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After marrying Lyman Graves, a wealthy mine owner twice her age, to ensure her motherís medical expenses will be paid, Salina Faye discovers her husband is the man her mother once jilted at the altar and the same man who drove her beloved father, Minos Drummond, to suicide. Minoís journal will bring Lymanís deceit into the open and restore the Drummond reputation, but before Salina can locate the stolen book, Lyman is injured in one of his mines and lapses into a coma. Salinaís search is temporarily stalled as she and her handsome stepson, Mick, wait for Lyman to awaken.
Mick has been unable to trust a woman since his mother abandoned him as a young boy, but he still finds himself tremendously attracted to his beautiful stepmother. Salina herself feels the same attraction. Itís one that threatens to tear their lives apart, and they desperately fight to deny their feelings.
Even as they struggle with these scandalous desires, Salina and Mick must also confront other obstacles which stand in the way of their happiness. Who is the mysterious Iphegenia and what secrets does she know about Salina and Mick? And exactly how far has Lyman gone to punish those he felt has betrayed him?
Itís tough to put a contemporary twist on anything from the past so applause is certainly in order for Marsha Briscoeís A Family Matter which deals with the Greek Phaedra myth. Unfortunately itís only mild acclamation, sort of like one of those unconditional ribbons for everyone who participates.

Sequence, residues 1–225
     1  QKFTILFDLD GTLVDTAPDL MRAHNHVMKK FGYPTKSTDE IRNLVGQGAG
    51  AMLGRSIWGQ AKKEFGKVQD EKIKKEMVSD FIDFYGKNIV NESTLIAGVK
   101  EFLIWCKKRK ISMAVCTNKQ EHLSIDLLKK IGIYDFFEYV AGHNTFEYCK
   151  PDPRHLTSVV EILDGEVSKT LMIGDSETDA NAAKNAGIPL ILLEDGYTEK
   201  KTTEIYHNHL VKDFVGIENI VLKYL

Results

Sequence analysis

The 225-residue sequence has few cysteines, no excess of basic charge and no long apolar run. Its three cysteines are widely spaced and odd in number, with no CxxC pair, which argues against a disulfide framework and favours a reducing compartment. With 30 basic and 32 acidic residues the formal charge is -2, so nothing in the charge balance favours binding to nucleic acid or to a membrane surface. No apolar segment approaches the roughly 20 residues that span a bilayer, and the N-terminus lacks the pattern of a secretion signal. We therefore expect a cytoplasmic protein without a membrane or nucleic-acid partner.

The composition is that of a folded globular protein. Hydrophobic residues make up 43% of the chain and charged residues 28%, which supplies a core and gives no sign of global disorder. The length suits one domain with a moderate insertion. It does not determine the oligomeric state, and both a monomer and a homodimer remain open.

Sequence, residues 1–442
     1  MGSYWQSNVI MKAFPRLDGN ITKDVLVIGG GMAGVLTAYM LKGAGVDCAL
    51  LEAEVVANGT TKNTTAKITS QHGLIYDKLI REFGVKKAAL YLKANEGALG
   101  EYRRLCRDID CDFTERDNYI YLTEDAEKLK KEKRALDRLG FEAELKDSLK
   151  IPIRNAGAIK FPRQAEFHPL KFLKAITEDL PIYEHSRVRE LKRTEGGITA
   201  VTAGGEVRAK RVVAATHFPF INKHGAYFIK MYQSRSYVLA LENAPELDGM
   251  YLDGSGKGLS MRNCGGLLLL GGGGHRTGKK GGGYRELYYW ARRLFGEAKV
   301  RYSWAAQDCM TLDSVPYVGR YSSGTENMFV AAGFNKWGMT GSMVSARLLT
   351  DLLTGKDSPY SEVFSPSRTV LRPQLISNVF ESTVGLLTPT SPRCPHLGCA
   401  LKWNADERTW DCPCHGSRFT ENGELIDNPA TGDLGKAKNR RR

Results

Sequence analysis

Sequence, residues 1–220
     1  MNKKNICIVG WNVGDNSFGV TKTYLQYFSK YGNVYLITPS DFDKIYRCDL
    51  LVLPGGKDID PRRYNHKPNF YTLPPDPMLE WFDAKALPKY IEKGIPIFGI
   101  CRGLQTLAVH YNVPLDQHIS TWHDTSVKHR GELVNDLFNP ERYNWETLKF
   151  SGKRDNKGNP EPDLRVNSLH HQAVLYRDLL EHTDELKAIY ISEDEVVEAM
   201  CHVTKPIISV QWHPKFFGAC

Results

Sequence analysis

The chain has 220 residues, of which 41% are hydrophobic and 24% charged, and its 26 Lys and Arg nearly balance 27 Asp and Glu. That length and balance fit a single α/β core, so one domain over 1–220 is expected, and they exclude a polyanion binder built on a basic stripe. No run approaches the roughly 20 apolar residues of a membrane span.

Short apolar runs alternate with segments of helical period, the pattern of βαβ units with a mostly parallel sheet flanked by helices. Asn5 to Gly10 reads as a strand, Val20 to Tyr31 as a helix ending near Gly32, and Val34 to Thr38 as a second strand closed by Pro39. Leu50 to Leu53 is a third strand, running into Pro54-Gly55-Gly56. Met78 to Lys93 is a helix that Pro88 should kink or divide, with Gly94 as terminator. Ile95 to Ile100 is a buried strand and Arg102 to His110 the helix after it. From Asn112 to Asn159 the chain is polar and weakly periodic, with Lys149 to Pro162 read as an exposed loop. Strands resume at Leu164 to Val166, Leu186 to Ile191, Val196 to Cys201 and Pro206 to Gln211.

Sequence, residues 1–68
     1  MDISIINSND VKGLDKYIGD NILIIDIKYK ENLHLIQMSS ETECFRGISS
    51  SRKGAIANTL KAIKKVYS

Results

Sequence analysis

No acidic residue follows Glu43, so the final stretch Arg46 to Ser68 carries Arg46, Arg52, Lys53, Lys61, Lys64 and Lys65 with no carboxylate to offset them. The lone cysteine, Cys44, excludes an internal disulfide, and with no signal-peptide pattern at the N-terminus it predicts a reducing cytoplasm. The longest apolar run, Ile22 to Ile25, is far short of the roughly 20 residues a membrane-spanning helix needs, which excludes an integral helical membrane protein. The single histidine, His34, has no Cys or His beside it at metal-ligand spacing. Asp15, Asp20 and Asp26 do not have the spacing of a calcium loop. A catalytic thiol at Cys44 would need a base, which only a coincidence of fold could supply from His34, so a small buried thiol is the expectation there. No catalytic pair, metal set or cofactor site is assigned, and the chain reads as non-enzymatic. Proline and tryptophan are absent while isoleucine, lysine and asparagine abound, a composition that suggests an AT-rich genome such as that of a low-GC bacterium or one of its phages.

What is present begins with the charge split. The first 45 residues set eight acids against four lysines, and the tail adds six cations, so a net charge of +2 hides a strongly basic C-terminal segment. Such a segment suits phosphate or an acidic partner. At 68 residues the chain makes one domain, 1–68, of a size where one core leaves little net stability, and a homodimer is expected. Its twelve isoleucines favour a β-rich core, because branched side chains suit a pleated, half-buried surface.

Though the storyís premise was enticing, this book did not work for me. The writing was stilted and unmoving, and I could feel little sympathy for the characters who seemed paper-thin to me.
Salina chose to marry an older and wealthy man who wined and dined her and offered to pay her motherís medical expenses. She was so caught up in all this that she didnít even look into the manís past before the wedding. Perhaps if the writing had been better, I might have shed a few tears for her, but as it stood, all I could think of was American Idolís Simon Cowellís famous words so what?
My sympathy for Mick was the same if not less. He was not a strong hero. He is allowed a few personality flaws because of his motherís desertion and his unhealthy upbringing by his father, but he was irritating in his weaknesses. I quickly grew bored with his troubled childhood. I just wanted him to get over it already. And then there was the matter of his fighting his attraction for Salina. If he was so busy fighting it, then why was he caressing her all the time with a touch here and a touch there?
Lyman was the only interesting character in the novel, and he spent most of his time in a coma. He should have been conscious more and given some life to this tale. I would have loved reading more about his younger years. He is worthy of his own novel.
Iphegenia? I could not understand her at all. Her reasons for her actions were not enough to justify her behavior in my opinion. "Forgive me because Iím dying." Havenít we all heard that one before? I know the book is supposed to be a new twist on an old tale, but that didnít mean there couldnít be an original concept or two.
The most appealing aspect of this story was the title itself, A Family Matter. It led me to a couple of different avenues of thought, and I thought it was well chosen. Family was what led Salina to make the choices she made, and then the lack of a suitable family in Mickís childhood is what made him who he was.
Though they were interesting, the references to the Phaedra myth didnít fit the flow of the story. They were unwanted interruptions. The book would have read more smoothly without them. The conclusion of the story was also too brief. After taking forever to get to a solution, it was all summed up in a matter of minutes. Even then, I was still saying so what?